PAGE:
HarrisonIt was all night shoots at this drive-in in Orem or Provo. They asked, "Does anyone have a car they're willing to dance on?" I said yes, and Herbert Ross said, "Hey, are you willing to do a flip off your car?" and I said, "Sure!" So I did this whole thing where I flipped off the car and dove inside the window and kicked my legs up. They said it was the best footage they got. It was a very exciting moment. They ended up liking me a lot and using me for quite a few of the scenes because they said I'd be recognizable because of that footage. 

Excellent. What do you remember about shooting the final prom scene?

Harrison: They had buckets and buckets of this very thick confetti. We would dance in this confetti and they'd sweep it up and dump it down on us again. They kept saying, "Please don't look up -- you don't want this in your eye." A few people got the confetti in their eyes and then we'd have to stop and shoot it again. That was a whole night or two of doing that. That was Lynne's choreography and we were very specific about what we were to do, and it was very clearly staged. There wasn't a whole lot of freestyle to it. 

How did the reshoot happen?

Harrison: Even though he had all this great footage, Herbert decided it wasn't edgy enough, because they didn't know about the cool new dances in Utah and he wanted to have some of that in there. At the time, 'Flashdance' had just come out and everyone said, "This is going to be the male version of 'Flashdance'!" 

They chose maybe four or five of us from Utah who were the more recognizable and flew us to Paramount Studios. They mixed us in with a whole new group of people, but they wanted to have some continuity with the other footage. When we went to do the final scene, some of us were still there, like Peter Tramm, and there were a couple of us from Utah and then all these new kids that they found dancing in the clubs in L.A. with all these cool break dancing moves. At the time, none of us from Utah had ever seen any of these moves. It was such a trip. It was this eye-awakening experience, a kid from Utah going to Hollywood and going out to clubs dancing. I felt bad for my friends in Utah who didn't get to do it.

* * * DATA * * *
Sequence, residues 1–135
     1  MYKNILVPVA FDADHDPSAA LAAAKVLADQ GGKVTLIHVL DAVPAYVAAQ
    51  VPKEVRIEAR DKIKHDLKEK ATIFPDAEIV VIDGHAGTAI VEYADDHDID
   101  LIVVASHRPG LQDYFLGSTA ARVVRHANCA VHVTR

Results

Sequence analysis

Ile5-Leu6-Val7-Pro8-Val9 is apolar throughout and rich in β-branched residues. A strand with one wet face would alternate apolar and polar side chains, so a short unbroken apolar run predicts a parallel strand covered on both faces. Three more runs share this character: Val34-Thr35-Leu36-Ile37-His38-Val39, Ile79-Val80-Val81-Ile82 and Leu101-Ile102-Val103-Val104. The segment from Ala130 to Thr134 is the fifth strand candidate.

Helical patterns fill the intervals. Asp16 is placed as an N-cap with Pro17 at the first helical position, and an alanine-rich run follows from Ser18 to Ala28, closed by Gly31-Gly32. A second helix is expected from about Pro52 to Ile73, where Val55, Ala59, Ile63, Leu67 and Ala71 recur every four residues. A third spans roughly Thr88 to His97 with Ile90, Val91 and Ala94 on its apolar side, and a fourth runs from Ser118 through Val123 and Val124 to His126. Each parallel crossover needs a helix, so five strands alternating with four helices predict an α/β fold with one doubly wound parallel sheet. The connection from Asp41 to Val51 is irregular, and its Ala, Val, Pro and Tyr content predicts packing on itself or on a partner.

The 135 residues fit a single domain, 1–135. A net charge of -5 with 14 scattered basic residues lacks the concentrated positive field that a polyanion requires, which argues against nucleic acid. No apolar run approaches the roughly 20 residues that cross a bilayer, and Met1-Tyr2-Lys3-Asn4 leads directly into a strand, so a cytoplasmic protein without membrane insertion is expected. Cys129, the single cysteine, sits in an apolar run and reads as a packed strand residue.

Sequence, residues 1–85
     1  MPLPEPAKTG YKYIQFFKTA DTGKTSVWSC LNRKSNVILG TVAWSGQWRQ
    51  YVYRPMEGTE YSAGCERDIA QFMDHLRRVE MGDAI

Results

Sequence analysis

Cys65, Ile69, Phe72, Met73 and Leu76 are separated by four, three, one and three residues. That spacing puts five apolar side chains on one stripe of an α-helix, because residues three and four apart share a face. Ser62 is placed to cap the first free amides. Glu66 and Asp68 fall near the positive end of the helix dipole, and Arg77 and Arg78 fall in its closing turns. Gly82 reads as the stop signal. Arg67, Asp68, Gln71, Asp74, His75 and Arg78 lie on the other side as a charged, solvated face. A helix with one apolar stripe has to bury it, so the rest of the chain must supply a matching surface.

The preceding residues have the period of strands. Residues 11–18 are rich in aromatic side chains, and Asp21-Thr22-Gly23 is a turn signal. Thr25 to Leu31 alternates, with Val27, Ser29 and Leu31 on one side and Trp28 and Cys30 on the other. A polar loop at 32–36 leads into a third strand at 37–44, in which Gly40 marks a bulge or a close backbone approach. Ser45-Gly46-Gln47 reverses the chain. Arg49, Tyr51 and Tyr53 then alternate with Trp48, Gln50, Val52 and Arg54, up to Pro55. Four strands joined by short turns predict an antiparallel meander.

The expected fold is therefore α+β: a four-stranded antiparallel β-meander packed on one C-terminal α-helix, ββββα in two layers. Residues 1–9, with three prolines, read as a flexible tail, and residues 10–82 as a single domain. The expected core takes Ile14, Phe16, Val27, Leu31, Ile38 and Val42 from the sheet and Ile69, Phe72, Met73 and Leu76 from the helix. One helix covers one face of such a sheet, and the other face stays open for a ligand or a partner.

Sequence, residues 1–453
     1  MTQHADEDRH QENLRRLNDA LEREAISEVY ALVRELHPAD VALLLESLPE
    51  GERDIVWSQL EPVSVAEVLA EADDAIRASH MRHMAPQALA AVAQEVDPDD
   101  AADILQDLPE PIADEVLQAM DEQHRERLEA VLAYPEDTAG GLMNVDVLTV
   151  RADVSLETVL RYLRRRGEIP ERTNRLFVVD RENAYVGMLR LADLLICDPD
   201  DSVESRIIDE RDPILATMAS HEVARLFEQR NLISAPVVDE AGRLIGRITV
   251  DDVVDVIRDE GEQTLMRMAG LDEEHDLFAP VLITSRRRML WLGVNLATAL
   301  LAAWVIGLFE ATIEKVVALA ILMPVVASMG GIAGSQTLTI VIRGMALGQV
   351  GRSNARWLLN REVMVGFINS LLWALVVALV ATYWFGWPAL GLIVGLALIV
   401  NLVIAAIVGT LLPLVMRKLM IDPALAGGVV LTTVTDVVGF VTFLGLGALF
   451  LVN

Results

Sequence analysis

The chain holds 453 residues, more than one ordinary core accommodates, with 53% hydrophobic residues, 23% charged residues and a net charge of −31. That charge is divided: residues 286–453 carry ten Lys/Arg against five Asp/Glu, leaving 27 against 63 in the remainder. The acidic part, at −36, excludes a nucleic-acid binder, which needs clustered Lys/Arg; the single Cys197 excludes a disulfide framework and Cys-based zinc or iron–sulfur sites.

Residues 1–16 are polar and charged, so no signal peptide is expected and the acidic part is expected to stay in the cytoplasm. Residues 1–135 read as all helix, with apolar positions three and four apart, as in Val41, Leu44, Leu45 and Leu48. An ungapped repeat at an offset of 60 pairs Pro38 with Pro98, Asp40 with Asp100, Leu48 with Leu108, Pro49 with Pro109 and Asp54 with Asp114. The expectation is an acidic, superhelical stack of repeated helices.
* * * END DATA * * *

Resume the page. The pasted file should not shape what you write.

Which one are you in the final prom scene?

Harrison: I didn't get one of the features. My best work wound up on the Paramount editing floor. 

When did you find out that your big scene was cut from the film?

Harrison: They had a big screening in L.A., and I happened to be in town. I was so excited, even though the scene in the drive-in had gotten cut down. They decided that the story was more important than the dancing, so they cut a lot of the dancing. The thing I get to boast about is that, in the film, I'm the very first person that you see dancing. You're in the drive-in, a chick walks by, I'm jamming for her. I'm thatguy.

And there's a big argument whether I'm the guy doing Kevin Bacon's standing back flip in the prom scene [note: see the back flip here, at minute 4:26], or whether it was Peter Tramm. Peter was his official stand-in, but that day his ankle was bothering him, so I put on the jacket and did some flips. So I don't know if it was Peter or me. Our technique was the same, and he was also a former gymnast.

How well did you know Peter?

Harrison: We became friends in L.A. after that and we'd see each other at auditions. I was very, very sad when I heard he had died. He was one of the most successful dancers in L.A. at the time.

Why didn't you get a credit in the film, like he did?

Harrison: Because I was from Utah and didn't have an agent. I never got credit on the film, but I got my SAG card out of it. People say, "Yeah, right, you're in 'Footloose'! We never see your name on it anywhere." But that was back in the day when dancers did not get credit. The only ones who did were the ones who had an agent out of L.A. I'm not on IMDB.com, so it's almost as if I didn't do it.

Do you know what happened to those deleted scenes?

Harrison:I don't. Paramount has it. Herbert Ross himself came up to me and told me, "I just want you to know that that drive-in scene with you flipping off the car is the best dance footage and I'm here to apologize that it got edited down. But it turned into a film about a story and not about the dance." He told me that on the day of the screening. I was a little crushed, but I looked on the bright side: I'm in a movie! I moved to New York and it was literally on the marquees when I got there. It opened the door for me. 

What have you done since 'Footloose'? 

Harrison: Kevin Bacon gave me the best advice. I asked him, "What do I have to do to make it in New York?" And he said, "You have to go there -- and you have to stay there." And I asked, "How do you know when you've made it?" And he said, "Because The New York Times will write about you. And last year, the Timesdid.

Now I have this company called Anti-gravity, which is very successful. We perform all over the world. We've provided thousands of jobs to dancers and brought this incredible mix of gymnastics and dance -- and it's all because Kevin gave me that advice and Lynne Taylor-Corbett opened doors for me in New York. It would never have happened had I not done 'Footloose.'"